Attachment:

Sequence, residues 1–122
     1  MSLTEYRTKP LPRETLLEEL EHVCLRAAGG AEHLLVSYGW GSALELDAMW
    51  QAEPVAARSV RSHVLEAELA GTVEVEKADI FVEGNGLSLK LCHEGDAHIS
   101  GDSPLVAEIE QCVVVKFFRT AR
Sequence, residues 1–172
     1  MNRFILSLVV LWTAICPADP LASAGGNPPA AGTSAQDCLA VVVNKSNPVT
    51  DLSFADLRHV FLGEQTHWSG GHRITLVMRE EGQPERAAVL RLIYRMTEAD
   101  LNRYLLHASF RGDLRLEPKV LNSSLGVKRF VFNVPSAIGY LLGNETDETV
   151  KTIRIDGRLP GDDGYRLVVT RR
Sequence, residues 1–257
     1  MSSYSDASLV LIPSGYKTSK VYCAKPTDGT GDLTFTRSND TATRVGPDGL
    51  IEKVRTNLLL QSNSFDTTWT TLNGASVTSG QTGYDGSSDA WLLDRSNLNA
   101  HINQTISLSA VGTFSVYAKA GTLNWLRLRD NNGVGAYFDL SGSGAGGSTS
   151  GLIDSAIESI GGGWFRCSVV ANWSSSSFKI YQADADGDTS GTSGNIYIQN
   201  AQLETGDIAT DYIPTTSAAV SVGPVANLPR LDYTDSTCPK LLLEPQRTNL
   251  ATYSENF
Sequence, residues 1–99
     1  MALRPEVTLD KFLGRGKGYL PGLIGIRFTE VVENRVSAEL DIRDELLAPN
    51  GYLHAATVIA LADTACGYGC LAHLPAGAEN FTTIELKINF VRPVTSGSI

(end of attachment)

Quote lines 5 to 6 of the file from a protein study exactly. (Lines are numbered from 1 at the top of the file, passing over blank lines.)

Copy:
Sequence, residues 1–172
     1  MNRFILSLVV LWTAICPADP LASAGGNPPA AGTSAQDCLA VVVNKSNPVT